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a Musical
by Peter Stone (book) and Maury Yeston (songs)

COMPANY : Serenbe Playhouse [WEBSITE]
VENUE : The Inn Meadow at Serenbe [WEBSITE]
ID# 5313

SHOWING : July 10, 2018 - August 19, 2018



To find a better life, we must get on that ship… board our ship of dreams this summer as we mount a larger than life floating world full of magical impossibilities. An ensemble cast of 40 Playhouse favorites and Atlanta all-stars will board a three-story structure representing the largest and fastest ship of its time: Titanic, constructed in the middle of a lake, which will be submerged nightly. Honor will be paid to those who boarded this ill-fated voyage as we celebrate their stories of hope, heartbreak, and strength. Godspeed Titanic, Sail On!

Director Brian Clowdus
Sub Lt. Joseph Boxhall Andrew Joseph Andersen
Charlotte Drake Cardoza Emily Budd
Charles Lightoller Blake Burgess
Madeleine Astor Erin Burnett
Charles Clarke Daniel Burns
Harold Bride Chase Davidson
Marion Thayer Jessica De Maria
Caroline Neville Ally Duncan
Ninette Aubert Arielle Geller
J. Bruce Ismay Robert Lee Hindsman
Eleanor Widener Asia Howard
Alice Beane Shannon McCarren
Captain E.J. Smith Eric McNaughton
Frederick Barrett Chase Peacock
Rosalie Ida Straus Lilliangina Quinones
Lt. William Murdoch Chris Saltalamacchio
Henry Etches Ben Thorpe
Kate Murphy India Sada Tyree
Isidor Straus Robert Wayne
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by playgoer
Friday, August 10, 2018
Don’t be surprised if in the middle of "Titanic" the iceberg instantaneously evaporates, coalesces into a dark cloud overhead, and comes pouring down on you. It’s all part of the experience in getting the audience as drenched as the cast members who throw themselves into the water as the ship sinks. But, if you’re lucky, both you and the show will be survivors that go on to complete the evening’s journey, although the journey may not end before midnight.

Adam Koch’s set design consists of massive scaffolding with four playing levels and extensions fore and aft that mimic the outline of a ship. Four smokestacks on top complete the picture of a ship, and docking that unmoors from the shore and moves to the ship after passengers have boarded provides additional playing space. With a cast of forty, a lot of playing space is needed.

Early on, we’re led to believe that the top level contains the captain’s wheelhouse, the next level down is first class, and the next two levels down are second class and third class respectively. Director Brian Clowdus violates this schema occasionally, placing some action inappropriately on the first class level, perhaps to take advantage of "hot spots" in Kevin Frazier’s lighting design.

The lighting design is excellent, making great use of spotlights to focus attention on the primary singing characters in ensemble numbers. Bobby Johnson’s sound design is equally excellent, letting everything possible be heard (although massed singing and counterpoint in ensemble numbers inevitably results in a bit of muddiness). The sound effect of the Titanic hitting the iceberg is awe-inspiring.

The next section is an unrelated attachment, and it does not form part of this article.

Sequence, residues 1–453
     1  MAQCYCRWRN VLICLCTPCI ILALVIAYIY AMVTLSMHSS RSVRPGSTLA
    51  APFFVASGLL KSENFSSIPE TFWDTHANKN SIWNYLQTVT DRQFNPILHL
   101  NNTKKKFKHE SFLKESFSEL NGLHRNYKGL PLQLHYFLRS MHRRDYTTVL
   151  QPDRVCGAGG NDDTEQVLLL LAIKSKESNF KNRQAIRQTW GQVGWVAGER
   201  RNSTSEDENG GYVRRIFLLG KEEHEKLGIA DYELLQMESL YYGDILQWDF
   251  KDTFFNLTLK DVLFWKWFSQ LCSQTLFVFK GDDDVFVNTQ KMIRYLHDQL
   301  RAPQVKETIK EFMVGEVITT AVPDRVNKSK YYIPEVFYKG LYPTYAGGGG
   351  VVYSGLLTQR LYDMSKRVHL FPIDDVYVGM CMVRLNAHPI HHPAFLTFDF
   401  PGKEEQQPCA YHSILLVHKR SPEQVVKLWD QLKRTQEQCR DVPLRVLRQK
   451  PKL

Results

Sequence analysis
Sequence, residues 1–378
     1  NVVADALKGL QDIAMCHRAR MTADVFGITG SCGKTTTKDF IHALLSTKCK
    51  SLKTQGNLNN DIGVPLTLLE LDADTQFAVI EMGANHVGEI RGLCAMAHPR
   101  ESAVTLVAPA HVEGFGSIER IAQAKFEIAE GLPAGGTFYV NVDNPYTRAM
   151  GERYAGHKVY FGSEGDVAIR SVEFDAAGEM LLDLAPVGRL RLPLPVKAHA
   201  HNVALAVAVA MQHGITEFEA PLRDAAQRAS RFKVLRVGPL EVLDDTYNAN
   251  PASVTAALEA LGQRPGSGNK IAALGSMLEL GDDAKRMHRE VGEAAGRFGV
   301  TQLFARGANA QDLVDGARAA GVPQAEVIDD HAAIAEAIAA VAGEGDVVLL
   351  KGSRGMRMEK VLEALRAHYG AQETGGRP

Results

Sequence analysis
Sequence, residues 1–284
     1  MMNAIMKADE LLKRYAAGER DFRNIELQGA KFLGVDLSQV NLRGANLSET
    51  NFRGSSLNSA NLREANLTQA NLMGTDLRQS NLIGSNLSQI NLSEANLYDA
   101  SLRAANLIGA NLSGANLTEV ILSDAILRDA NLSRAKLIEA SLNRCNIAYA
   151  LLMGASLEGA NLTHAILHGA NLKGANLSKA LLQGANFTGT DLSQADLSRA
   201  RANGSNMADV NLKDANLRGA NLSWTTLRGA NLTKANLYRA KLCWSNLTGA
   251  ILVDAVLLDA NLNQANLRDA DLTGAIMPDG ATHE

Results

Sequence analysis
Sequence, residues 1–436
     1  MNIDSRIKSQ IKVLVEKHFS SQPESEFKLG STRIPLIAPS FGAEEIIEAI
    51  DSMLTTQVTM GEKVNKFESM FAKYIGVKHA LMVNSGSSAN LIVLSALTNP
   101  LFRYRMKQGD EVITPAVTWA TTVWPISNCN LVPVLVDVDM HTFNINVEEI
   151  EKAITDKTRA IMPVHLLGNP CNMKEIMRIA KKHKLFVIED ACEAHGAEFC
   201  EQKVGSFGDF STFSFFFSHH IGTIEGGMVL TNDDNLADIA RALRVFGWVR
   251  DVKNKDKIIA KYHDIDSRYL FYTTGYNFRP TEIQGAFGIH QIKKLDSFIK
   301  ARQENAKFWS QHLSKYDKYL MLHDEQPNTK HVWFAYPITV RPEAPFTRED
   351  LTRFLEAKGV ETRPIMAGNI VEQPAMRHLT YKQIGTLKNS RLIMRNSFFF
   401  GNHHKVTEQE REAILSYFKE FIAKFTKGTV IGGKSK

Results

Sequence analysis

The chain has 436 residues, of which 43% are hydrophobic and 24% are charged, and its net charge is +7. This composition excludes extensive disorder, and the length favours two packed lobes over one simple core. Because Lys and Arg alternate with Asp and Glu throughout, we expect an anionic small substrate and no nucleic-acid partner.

In a cast of forty, it’s hard for an actor to stand out. All are fine singers and acquit themselves nicely, but some are given very little opportunity to shine. Many, given the opportunity, prefer to blend in rather than to stand out. The performances I found most noteworthy were Robert Hindsman as J. Bruce Ismay, the closest thing to a villain in the plot; Shannon McCarren as social-climbing Alice Beane; Chase Peacock as stoker Frederick Barrett; and sweet-voiced Chris Saltalamacchio as Lt. William Murdoch. Also notable are Chase Davidson as junior wireless officer Harold Bride and Ben Thorpe as first-class steward Henry Etches, who both make the most of their roles.

Given the age-blind, race-blind casting of the show, not everything rings true. That’s particularly the case with the first-class men, who are supposed to be wealthy titans of the business world, but who appear to have the age and talent of acting apprentices. When John Jacob Astor (Charles Fowler) is introduced as being decades older than his 19-year-old bride Madeleine (Erin Burnett), the age discrepancy seems to be in the opposite direction. It’s an unfortunate casting misstep in the production, reinforced by the decision to have the men light up cigars whose smoke wafts into the audience.

This production of "Titanic" is as much a spectacle as a musical. Chris Brent Davis’ music direction is excellent, with the orchestra sounding true and lush throughout, and Bubba Carr’s choreography works well for a structure floating on the water, with not a lot of wide-open spaces to make use of. From the start, Alan Yeong’s costumes tend toward the white and diaphanous, foreshadowing the nightgowns worn by the passengers on the Titanic as the iceberg is struck.

The second act covers the time period after the iceberg is hit. While the full scaffolding structure doesn’t submerge, a chandelier and a couple of window washer-like platforms do. With two lifeboats being loaded and rowed off before we see passengers hurling themselves from the scaffolding into the water, the effects are breath-taking. Add in the occasional thunderstorm, and Serenbe’s "Titanic" is truly an immersive experience. [POST A COMMENT REGARDING THIS REVIEW]


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